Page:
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New forum member - Bassman 135 speaker impedance question:

Discussion in 'Amps and Cabs [BG]' started by KenB, Jul 16, 2008.


  1. KenB

    KenB

    Jul 15, 2008
    Yellow Springs, OH
    First of all, hello to everyone from a new forum member!

    I have a 1978 Fender Bassman 135 that I have owned since 1984. I haven't used the amp since 1986, so I am considering selling it.

    The still amp works perfectly - I recently turned it on to test it (expecting a flash, explosion, smoke or other sign of catastrophic failure due to old caps or a suicidal original power tube), and no noise, his or other unpleasant stuff! Still, I am considering replacing the power supply caps, just because...

    I have been reading a bunch of info on the 'net about amp recaps and other amp topics, and I have been examining the amp schematic. By the way, I am an experienced electronics and audio hobbyist, having built all of my own effects boxes in the "old days", as well as building a bunch of stereo components from scratch over the years.

    So I can read a schematic. But, in looking over the 135's schematic, and reading the advice/coments of various folks on this and other internet forums, I have run into a question about connecting speaker cabs of various impedances to the Bassman 135. I am hoping some of you tube amp gurus out there will be able to enlighten me...

    Here is what I know for sure:

    1) The Bassman 135 is designed for speaker cabs of 4 ohm minimum impedance, for both the main cab and any extension cab.

    2) The Bassman 135 and the similar 135 watt Twin Reverb amps are unique among Fender amps, in that the jacks for the main and extension speakers are wired so that when both jacks are in use the cabs are connected in series rather than parallel, and plugging in an extension cab also switches the output transformer to a different tap (switched from a 4 ohm "center" tap to the "whole" 8 ohm secondary winding).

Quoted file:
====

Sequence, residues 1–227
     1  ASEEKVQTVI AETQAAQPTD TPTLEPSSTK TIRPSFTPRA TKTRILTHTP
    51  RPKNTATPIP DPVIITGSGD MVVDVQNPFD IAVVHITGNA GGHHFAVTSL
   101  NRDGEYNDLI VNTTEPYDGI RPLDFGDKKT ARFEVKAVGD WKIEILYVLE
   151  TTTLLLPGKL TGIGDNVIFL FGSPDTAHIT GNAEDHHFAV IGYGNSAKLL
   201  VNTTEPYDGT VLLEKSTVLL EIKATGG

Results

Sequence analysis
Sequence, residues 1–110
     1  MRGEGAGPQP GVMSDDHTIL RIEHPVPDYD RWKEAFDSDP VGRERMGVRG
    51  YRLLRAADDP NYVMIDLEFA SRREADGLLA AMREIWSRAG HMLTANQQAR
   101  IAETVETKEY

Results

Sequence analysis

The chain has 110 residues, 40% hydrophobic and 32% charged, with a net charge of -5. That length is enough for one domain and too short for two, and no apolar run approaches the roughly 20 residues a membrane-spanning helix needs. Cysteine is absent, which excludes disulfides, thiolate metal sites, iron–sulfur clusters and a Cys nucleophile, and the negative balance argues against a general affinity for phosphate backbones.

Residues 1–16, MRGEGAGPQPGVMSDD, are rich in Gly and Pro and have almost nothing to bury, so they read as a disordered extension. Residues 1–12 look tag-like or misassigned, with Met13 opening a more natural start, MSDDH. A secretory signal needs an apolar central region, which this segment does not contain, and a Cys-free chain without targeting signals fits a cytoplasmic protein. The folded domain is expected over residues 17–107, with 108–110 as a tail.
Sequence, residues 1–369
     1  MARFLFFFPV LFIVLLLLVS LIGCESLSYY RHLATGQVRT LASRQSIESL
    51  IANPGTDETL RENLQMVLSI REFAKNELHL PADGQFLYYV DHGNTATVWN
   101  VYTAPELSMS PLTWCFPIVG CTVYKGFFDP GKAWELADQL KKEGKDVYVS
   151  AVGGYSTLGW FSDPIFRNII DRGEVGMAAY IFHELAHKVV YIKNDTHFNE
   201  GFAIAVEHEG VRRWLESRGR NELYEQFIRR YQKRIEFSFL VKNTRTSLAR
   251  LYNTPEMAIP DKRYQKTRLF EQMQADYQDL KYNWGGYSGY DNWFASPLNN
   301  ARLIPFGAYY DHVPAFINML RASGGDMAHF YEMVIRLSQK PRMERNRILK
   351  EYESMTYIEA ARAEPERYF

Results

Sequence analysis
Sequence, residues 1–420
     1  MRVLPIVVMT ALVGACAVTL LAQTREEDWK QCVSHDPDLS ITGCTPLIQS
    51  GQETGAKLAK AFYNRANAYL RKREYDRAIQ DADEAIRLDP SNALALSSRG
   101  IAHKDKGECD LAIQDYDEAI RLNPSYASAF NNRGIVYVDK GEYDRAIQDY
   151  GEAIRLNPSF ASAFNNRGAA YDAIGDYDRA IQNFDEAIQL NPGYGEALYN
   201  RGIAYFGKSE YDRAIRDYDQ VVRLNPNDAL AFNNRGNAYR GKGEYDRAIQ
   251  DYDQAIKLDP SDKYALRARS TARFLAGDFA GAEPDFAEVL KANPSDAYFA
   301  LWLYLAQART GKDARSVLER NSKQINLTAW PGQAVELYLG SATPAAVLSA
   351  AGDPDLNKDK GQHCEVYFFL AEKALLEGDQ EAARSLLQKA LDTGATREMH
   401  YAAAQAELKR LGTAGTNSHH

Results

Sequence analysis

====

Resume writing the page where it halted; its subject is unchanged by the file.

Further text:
This arrangement makes perfect sense to me, and reading the schematic confirms the wiring and switching arrangement.

    Now... here is the question that is bothering me:

    When you trace out the wiring and switching of the output connections, it is obvious that when one cab is connected to the main out jack, that cab is connected to the "center tap" or 4 ohm tap of the output transformer. Also, when you connect cabs to both the main and external jacks they are connected in series, and use the "whole", 8 ohm secondary winding of the output transformer.

    But, if you connect a cab to ONLY the external jack, that cab is then connected across the "whole" 8 ohm secondary (The 4 ohm center tap is left floating and the main output jack is shorted out of the circuit).

    So to me, logically, this means that since the output transformer doesn't "know" whether one or two cabs are connected, only what impedance its 8 ohm winding sees, that it would be perfectly OK to connect a single 8 ohm cabinet to the external speaker jack. (8 ohm winding, 8 ohm load, perfect!)

    I have seen references to this kind of connection scheme in various forum posts, both pro and con (and some of which were just plain silly and wrong, making it painfully obvious that some self-professed "techs" can't read a schematic, or aren't aware that the output arrangement of the 135 watt amps is different from other Fenders). One post stated that I should "never" connect a single cab to only the external speaker jack.

    So, my question is;

    IS it OK to connect a single 8 ohm cabinet to the external speaker jack of the Bassman 135, and if not, WHY not? (The more technical and theoretical the explanation, the better!)

    Thanks a bunch for any comments, advice or wisdom, and again, Hi to all!

    Ken
     
  2. Cant answer your question Ken, but welcome to the forums !
     
  3. okabass

    okabass

    Mar 19, 2005
    Finland,Lahti
    HI

    If the schmatic is right, and nobody has changed the output wiring, yes. You are right.

    You better check the amps actual wiring. Check and clean the jacks switches too; they may have some oxide sh*t. When you switch the amp on, observe the powertubes plates. If they are becoming red, shut it off, and check the wiring again. As you allready may know, open or no load can kill the power tubes easily.
     
  4. Primary

    Primary TB Assistant

    Here are some related products that TB members are talking about. Clicking on a product will take you to TB’s partner, Primary, where you can find links to TB discussions about these products.

     
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